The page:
The number of UK workers in zero-hours employment has rocketed to reach a staggering 905,000 people, according to figures published by the Office for National Statistics (ONS).
Data published by the ONS on Wednesday shows the number of people in zero-hours employment has increased by 101,000 over the past year alone, as unions and opposition parties urge the government to get to grips with the controversial contracts.
The unemployment rate fell by 31,000 to 1.58 million in the three months to January 2017, while the number of people in work increased by 92,000 over the same quarter. There are now 315,000 more people in work than a year ago.
But the ONS figures may suggest that the emergence of the so-called “gig economy” could be at least partly behind record high employment levels and falling unemployment, with the number of working people on zero-hours contracts rising from 168,000 in late 2010 to 905,000 by the end of 2016.
However, there are signs that the zero-hours culture among employers is beginning to slow. ONS data shows that 2,000 more people begun a zero-hours job between April-June 2016 and October to December 2016, compared to much more significant rises between 2010 and 2015.
Zero-hours contracts offer no guarantee of hours or the same employment rights enjoyed by other workers, and can leave many wondering how much they will earn from month to month. Although zero-hours contracts offer a degree of flexibility welcomed by some people, for example students, others may be left struggling to make ends-meet and unable to find more suitable employment.
Commenting on the figures, Unite’s leader Len McCluskey said: “For many the fall in unemployment is good news, but scratch the surface and we see a world of work which is becoming increasingly insecure for a growing number of people.
“With record numbers of people on zero hours contracts, the experience of not knowing if you’ve earned enough to pay the bills has become the unacceptable norm for too many families.
“People didn’t vote to the leave the European Union to become the sweatshop of Europe. The UK government must act to tackle bogus self-employment and follow the example of its New Zealand counterparts by outlawing zero hours contracts. If we are to build an economy based on decent, secure jobs then insecure working must end.”
TUC General Secretary Frances O’Grady said: “Zero-hours contracts allow bosses to treat workers like disposable labour.
“If you’re on a zero-hours contract you have no guarantee of work from one day to another. Put a foot wrong and you can be let go in a heartbeat. Turn down a shift because your kid’s sick and you can be left with little or no work.
“That’s why employment law needs dragging law into the 21st century. Far too many workers do not have the power to challenge bad working conditions.
“Zero-hours contracts can be a nightmare to plan your life around. And are a huge drain on the public finances.
“The growth in zero-hours working over the last decade is costing the government almost £2bn a year.”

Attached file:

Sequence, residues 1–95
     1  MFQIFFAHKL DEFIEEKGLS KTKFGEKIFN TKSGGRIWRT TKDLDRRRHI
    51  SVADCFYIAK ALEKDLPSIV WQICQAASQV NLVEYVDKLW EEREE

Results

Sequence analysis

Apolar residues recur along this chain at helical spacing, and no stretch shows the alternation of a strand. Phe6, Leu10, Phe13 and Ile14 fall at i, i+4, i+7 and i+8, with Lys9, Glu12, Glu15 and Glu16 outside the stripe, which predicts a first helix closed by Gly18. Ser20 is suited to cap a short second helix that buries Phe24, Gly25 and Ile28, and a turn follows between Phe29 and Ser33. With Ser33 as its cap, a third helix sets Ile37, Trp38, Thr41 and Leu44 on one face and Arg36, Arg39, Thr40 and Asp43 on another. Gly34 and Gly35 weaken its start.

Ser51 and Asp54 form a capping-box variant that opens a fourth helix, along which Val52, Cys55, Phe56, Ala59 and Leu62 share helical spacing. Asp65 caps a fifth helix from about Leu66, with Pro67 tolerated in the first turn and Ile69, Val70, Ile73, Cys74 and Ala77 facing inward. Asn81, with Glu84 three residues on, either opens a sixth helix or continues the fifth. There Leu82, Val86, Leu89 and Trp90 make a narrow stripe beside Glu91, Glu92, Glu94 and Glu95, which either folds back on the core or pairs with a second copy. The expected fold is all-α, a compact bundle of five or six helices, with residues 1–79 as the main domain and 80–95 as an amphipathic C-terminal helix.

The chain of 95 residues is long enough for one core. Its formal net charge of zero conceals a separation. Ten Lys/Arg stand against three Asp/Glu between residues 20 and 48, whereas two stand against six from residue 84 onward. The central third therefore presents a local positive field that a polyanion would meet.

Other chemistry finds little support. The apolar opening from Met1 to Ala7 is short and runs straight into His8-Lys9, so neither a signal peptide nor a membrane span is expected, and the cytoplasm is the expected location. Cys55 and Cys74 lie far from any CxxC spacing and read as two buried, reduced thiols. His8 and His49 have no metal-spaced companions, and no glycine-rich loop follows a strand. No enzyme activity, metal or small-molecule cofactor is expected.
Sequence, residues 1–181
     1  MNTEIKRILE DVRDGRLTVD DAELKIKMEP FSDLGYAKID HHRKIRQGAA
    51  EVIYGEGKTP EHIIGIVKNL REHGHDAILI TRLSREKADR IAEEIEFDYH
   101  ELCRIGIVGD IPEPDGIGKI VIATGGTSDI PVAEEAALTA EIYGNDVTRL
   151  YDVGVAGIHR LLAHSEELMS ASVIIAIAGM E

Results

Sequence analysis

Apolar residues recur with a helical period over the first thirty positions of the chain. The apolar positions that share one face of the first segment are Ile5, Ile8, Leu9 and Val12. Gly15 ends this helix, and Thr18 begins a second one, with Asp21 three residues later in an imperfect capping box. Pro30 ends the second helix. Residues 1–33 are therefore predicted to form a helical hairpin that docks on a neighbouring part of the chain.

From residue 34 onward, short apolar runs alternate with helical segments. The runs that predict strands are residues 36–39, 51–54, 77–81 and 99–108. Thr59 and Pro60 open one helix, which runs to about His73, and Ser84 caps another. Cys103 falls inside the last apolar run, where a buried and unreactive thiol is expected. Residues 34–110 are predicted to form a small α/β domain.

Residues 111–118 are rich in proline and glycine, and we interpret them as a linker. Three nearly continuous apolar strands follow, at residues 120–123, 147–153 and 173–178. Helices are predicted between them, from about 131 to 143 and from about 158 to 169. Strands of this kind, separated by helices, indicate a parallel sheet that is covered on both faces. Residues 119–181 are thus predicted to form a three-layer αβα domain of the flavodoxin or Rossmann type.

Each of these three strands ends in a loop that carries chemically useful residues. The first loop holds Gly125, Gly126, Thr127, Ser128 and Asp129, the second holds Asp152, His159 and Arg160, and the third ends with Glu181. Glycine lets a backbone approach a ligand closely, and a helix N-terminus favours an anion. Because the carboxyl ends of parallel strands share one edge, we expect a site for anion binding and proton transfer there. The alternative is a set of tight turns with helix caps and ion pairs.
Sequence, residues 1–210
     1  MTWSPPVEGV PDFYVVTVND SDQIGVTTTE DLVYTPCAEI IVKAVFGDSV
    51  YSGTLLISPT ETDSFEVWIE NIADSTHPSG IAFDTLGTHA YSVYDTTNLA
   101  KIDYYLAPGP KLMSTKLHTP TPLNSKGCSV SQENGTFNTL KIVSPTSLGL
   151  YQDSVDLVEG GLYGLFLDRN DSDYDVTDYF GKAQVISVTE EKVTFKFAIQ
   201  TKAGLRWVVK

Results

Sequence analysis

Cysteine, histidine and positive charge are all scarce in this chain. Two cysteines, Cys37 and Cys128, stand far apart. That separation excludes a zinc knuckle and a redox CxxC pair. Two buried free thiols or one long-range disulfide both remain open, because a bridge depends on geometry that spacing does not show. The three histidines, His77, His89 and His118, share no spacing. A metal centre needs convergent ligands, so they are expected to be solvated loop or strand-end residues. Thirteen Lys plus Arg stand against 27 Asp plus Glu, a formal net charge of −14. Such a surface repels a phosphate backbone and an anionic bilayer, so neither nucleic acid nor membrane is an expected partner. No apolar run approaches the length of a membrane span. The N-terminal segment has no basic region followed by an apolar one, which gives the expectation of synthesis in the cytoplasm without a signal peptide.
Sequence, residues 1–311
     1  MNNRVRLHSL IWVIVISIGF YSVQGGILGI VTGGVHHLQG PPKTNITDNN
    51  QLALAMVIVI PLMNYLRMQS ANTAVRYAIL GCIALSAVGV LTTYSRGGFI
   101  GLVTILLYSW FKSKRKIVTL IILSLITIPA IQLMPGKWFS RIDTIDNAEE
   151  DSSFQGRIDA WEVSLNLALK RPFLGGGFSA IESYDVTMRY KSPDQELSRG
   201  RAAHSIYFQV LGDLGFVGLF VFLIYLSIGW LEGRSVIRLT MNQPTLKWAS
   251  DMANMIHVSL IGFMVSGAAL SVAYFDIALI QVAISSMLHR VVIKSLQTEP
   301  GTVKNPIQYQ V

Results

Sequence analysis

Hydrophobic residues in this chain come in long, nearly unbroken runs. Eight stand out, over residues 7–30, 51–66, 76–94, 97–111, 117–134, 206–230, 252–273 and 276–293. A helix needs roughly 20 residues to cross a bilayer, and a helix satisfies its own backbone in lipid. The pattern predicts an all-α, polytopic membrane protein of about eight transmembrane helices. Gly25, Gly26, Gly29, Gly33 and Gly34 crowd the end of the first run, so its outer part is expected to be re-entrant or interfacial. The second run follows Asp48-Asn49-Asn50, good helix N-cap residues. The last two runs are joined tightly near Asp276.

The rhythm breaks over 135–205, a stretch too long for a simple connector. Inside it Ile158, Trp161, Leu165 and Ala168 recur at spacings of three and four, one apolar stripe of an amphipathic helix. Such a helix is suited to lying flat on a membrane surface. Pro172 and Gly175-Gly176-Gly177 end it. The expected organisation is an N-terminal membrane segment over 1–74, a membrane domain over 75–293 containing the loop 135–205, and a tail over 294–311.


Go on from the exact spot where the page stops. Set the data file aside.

Debbie Abrahams MP, Labour’s Shadow Work and Pensions Secretary, said: “We welcome the overall increase in employment, but are deeply concerned that millions remain in low paid, insecure work.
“The Government has also failed to close the employment gap faced by women, disabled people and ethnic minority groups, who are all less likely to be in work.
“Working families face the increasing costs of basic essentials, stagnating wages and the Government slashing social security, leaving families £1,400 a year worse off up to 2020.
“Labour would reverse cuts to in-work support that could see working families lose £2,600 a year, ban the exploitative zero-hours contracts being used on hundreds of thousands of workers, and guarantee a real Living Wage.”
Liberal Democrat leader Tim Farron said: “This is a worrying sign that fewer people are finding the long-term, stable jobs they need.
“The Government must give all workers the right to request a fixed-term contract, to prevent people being stuck on zero-hours contracts long-term when they don’t want to be.”
Jonathan Bartley, Green Party co-leader, said: “While we welcome news that the unemployment rate has dropped to such a low level, the reality is more people than ever are employed on precarious zero hours contracts.
“With inflation rising and wage growth stalling, the high employment rate masks the insecurity faced by British families.
“Zero hours contracts are part of a gig economy that facilitates the exploitation of workers and companies are failing to fulfil their moral and legal duty to give their workers secure employment and basic rights.
“In this age of insecurity we should be thinking big about how we build an economy that works for everyone.
“That’s why the Government should follow the lead of countries like Finland which are investigating the merits of introducing a basic income, to stop people falling into poverty, while providing the choice, security and stability they need.”